The most common type of bladder cancer is the non invasive form, not reaching muscular tissue (non muscle invasive bladder cancer, NMIBC), corresponding to 70-80% of cases. NMIBC treatment is cirurgical (transurethral resection of the bladder, TURB), followed by immunotherapy with BCG (Bacillus Calmette-Guerin) vaccine in cases with high or intermediate recurrence risk. The recurrence risk classification is based on clinical-pathological criteria, such as T stage (TNM classification), histological grade, presence/absence of carcinoma in situ, size and number of tumors. Around 30 to 40% of patients do not respond to BCG treatment and relapse, with 10 to 25% progressing to the invasive type (MIBC). The immune system is central in the control of tumor progression, which explains immunotherapies success, like BCG for NMIBC and immune checkpoint inhibitors for metastatic MIBC. As bladder cancers have a high mutational burden, they also have a greater chance of generating neoantigens. However, the antitumor immunological response and the immunotherapy success occur only if T lymphocytes recognize the tumor-presented neoantigens through TCRs (T cell receptors). TCRs are expressed in T lymphocytes after genomic sequences rearrangement and pre-mRNAs gene processing, resulting in unique TCR sequences, specific to each recognized antigen. After recognizing neoantigens, T-cells expand clonally, increasing the representation of specific TCR sequences (capable of recognizing those neoantigens) and, consequently, reducing diversity of the TCR repertoire of the patient's tumoral infiltrate, blood and urine - as demonstrated by previous studies. We believe that a lower TCR diversity (related to higher clonality) in blood and urine from NMIBC patients is an evidence of immune response activation against neoantigens, and it interferes directly in tumor evolution. For that reason, in this proposal, we aim at investigating if immune system activation, measured by TCR diversity, can be observed in blood and urine samples of NMIBC patients, and if it is correlated to clinical pathological parameters. This proposal integrates two other larger projects supervised by Dr. Masotti, which aims to access TCR diversity as a molecular biomarker for NMIBC prognosis and BCG response, using urine and blood samples. In the first phase of this project, we will explore the correlation between diversity and tumor growth, using computational pipelines and TCR-seq data from NMIBC tumoral infiltrates previously generated by our group. In the second phase, for which sample collecting has already begun, we will sequence the circulating TCR repertoire from blood and urine samples from approximately 20 NMIBC patients hospitalized for TURB at the Advanced Urology Nucleus from Sírio-Libanês Hospital. The data generated in the second phase will allow us to: (i) estimate TCRs diversity using bioinformatics, (ii) compare diversity estimates between blood and urine samples, and (iii) explore the correlation of diversity with clinical-pathological parameters. This study aims to contribute to the future development of molecular tests for relapse risk prediction and, consequently, to improve patient care through better therapeutic choice for NMIBC.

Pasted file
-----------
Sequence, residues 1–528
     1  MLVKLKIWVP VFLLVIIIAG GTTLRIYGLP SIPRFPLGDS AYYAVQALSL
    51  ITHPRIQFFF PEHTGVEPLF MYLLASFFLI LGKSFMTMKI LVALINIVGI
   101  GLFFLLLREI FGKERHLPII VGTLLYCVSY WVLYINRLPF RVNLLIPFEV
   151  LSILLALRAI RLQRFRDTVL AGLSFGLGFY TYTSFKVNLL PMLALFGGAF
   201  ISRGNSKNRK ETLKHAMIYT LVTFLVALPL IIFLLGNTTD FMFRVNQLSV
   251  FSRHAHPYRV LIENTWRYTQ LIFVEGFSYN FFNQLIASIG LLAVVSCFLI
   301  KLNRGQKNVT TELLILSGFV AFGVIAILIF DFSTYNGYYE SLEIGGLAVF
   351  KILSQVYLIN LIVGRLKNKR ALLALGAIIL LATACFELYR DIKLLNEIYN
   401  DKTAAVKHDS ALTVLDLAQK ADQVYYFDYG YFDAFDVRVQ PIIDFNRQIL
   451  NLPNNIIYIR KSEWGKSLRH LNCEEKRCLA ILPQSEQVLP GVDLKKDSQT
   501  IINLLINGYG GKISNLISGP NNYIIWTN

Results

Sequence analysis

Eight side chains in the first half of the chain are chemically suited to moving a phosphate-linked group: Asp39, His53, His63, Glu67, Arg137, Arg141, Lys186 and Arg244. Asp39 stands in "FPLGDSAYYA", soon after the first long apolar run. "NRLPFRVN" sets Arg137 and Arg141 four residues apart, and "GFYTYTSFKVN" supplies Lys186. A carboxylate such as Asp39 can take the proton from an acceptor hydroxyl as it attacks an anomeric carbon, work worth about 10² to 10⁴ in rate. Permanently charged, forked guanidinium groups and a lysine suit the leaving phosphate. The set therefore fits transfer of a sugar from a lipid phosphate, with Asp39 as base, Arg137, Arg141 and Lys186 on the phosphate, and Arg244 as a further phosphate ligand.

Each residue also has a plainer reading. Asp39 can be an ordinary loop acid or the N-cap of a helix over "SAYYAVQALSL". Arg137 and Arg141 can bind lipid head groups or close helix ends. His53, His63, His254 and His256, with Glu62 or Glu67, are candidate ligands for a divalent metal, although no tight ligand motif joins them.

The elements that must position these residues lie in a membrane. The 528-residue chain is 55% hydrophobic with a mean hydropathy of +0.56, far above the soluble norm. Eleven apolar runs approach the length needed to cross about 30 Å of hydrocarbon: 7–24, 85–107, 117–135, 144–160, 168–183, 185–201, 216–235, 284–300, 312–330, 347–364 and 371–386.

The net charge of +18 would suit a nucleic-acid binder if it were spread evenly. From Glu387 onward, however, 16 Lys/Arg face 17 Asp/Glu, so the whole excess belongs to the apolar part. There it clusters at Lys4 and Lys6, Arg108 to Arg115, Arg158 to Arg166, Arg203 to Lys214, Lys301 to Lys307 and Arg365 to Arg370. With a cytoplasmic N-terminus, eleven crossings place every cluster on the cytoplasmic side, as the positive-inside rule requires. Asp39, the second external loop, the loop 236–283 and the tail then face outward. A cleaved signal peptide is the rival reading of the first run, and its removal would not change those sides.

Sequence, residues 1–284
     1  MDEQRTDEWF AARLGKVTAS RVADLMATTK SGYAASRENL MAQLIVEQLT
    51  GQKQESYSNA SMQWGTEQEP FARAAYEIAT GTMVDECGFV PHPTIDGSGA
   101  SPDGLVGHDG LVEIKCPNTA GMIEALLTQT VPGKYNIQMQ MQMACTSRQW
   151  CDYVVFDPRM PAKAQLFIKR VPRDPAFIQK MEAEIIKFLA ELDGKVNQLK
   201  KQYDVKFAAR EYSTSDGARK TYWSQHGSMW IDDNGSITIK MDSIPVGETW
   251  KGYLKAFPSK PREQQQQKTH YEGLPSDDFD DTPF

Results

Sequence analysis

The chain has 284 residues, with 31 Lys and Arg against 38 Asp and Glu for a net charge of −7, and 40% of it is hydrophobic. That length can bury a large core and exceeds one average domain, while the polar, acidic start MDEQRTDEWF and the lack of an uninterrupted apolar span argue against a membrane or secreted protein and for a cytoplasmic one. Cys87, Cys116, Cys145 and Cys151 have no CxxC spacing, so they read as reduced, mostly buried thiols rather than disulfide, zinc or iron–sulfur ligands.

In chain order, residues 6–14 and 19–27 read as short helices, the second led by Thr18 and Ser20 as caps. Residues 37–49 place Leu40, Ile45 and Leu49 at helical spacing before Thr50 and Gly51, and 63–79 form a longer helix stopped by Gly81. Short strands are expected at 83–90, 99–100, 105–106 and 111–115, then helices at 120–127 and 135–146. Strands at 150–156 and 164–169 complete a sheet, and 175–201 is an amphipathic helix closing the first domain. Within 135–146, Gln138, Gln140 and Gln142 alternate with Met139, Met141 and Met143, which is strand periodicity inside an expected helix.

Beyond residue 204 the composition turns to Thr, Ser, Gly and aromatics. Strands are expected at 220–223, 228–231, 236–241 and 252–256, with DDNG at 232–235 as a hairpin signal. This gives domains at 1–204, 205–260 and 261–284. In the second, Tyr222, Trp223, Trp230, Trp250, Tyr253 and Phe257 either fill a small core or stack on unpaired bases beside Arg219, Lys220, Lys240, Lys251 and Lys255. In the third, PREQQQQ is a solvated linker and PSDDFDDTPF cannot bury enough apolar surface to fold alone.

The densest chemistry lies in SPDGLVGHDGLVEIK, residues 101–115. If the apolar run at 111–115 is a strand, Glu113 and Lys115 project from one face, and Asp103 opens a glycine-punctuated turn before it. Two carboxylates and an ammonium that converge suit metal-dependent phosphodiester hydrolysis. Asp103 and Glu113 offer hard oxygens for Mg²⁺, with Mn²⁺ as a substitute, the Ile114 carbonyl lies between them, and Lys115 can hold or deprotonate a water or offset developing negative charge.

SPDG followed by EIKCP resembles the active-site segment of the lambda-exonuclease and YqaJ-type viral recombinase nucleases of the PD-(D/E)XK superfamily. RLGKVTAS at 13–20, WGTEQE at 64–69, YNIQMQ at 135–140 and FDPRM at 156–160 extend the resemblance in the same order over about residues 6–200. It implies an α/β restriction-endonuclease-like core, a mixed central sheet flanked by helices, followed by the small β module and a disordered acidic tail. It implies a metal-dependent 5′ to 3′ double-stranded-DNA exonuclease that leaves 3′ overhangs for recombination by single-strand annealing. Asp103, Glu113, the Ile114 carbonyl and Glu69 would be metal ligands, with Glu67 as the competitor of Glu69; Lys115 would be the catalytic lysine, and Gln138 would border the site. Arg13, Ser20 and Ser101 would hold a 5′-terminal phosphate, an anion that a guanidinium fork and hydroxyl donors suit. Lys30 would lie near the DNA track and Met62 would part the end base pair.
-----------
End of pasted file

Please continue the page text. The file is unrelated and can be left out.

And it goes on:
News published in Agência FAPESP Newsletter about the scholarship: